Second Sunday of Ordinary Time January 17, 2021

John 1:35-42 Jesus looked at him and said, “You are Simon the son of John; you will be called Cephas” — which is translated Peter.

Saint Anthony the Great 

John 1:35-42

John was standing with two of his disciples,
and as he watched Jesus walk by, he said,
“Behold, the Lamb of God.”
The two disciples heard what he said and followed Jesus.
Jesus turned and saw them following him and said to them,
“What are you looking for?”
They said to him, “Rabbi” — which translated means Teacher —,
“where are you staying?”
He said to them, “Come, and you will see.”
So they went and saw where Jesus was staying,
and they stayed with him that day.
It was about four in the afternoon.
Andrew, the brother of Simon Peter,
was one of the two who heard John and followed Jesus.
He first found his own brother Simon and told him,
“We have found the Messiah” — which is translated Christ —.
Then he brought him to Jesus.
Jesus looked at him and said,
“You are Simon the son of John;
you will be called Cephas” — which is translated Peter.

Sunday Readings 

Reflection: 

“Pit Senyor!” (short for “Sangpit sa Senyor!” “Ask, Plead, or Call upon the Lord!”) can be heard often during the Sinulog Festival all over the Philippines. Begging the Lord, imploring the Lord’s mercy and compassion during this Feast of the Sto.Niño reminds me of Pope Francis’ message on his visit to the Philippines in 2015. He wanted us to beg the Lord, not to be afraid to ask for the Lord’s help. At times, we become so self-sufficient and self-righteous. We feel that we don’t need God’s help, that we can do everything on our own.  It’s dangerous. We will be playing God. And when we play God, we lose sight of our limits, our weakness, our need for one another, our need for God. In this time of pandemic, our limits are truly tested. We realize that no man is an island, that we need one another, that we need God. On this day’s feast, let us be like children once again: vulnerable, fragile, needing guidance and help from the Abba whom the Holy Child trusted and loved. We come to God, our Father and Mother, begging for economic reform, political stability, availability of vaccines, for our ageing parents, for our sick relatives and friends, and for our personal intentions. God zealously listens to the pleas of God’s children because God truly cares for us. When we beseech God, we are showing God our faith and trust in Him/Her, not our weakness. Because begging God is never a sign of weakness, but of humility, as the Holy Child shows us. When we look around, when we watch and listen to the news locally and globally, what is it that invites us to pray for? What is it that moves us to cry, “Pit Senyor!”?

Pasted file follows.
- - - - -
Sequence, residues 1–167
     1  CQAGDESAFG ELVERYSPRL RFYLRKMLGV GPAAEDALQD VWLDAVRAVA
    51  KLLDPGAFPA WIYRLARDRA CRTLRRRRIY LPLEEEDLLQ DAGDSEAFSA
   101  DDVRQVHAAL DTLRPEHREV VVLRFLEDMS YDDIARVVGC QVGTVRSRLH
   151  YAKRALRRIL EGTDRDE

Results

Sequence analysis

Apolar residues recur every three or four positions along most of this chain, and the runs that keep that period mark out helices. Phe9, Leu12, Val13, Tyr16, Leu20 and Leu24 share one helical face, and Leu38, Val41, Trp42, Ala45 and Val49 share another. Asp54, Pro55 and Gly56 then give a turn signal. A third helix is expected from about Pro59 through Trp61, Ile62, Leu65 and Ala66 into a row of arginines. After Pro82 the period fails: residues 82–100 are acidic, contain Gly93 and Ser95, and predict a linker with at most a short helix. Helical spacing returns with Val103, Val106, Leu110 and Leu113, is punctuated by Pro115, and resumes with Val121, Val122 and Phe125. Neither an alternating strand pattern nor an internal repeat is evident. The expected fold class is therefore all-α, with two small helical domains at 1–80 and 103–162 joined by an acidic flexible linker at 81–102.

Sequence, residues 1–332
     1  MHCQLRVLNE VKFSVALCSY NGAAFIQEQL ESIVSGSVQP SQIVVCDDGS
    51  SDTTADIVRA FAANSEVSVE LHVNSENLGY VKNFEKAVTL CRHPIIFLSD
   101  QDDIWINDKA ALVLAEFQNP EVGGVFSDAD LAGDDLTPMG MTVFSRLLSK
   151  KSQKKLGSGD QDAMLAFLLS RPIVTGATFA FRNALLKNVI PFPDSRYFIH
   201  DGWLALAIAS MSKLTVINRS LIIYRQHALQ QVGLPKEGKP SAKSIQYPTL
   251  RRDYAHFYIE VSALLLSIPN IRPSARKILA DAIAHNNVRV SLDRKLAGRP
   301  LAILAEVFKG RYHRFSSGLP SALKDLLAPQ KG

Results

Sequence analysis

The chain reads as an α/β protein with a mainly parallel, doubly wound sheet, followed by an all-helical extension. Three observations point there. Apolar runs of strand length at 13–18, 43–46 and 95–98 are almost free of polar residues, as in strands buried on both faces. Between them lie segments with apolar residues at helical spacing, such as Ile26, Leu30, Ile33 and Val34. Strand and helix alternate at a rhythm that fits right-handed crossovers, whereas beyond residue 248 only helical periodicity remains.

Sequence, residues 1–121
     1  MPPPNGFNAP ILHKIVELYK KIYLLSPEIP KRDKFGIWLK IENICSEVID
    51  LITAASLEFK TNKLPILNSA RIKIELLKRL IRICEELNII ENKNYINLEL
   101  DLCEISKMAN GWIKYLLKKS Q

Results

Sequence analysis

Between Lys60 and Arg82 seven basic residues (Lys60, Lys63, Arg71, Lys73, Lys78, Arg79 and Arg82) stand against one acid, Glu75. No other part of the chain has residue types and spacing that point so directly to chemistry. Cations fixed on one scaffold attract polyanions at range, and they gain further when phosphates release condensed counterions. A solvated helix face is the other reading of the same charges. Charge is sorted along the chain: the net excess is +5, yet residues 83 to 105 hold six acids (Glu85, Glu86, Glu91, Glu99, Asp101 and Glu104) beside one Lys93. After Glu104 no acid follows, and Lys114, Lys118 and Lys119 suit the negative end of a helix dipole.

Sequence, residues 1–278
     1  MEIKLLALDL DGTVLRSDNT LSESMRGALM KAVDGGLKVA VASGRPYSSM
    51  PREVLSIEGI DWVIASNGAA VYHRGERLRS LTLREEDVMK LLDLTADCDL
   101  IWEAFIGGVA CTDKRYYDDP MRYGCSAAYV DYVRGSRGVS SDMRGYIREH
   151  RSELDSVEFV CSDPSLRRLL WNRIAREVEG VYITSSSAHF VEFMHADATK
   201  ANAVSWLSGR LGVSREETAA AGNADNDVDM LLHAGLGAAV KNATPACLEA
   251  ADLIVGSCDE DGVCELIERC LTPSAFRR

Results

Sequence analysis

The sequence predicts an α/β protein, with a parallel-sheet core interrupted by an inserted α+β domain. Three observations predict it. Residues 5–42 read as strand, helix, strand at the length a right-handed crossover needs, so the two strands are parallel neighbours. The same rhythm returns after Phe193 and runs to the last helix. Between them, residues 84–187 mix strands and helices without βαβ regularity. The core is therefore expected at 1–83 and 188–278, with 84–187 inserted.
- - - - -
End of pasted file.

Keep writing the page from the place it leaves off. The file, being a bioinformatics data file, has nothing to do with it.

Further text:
by Fr. Jovito Dales, SSC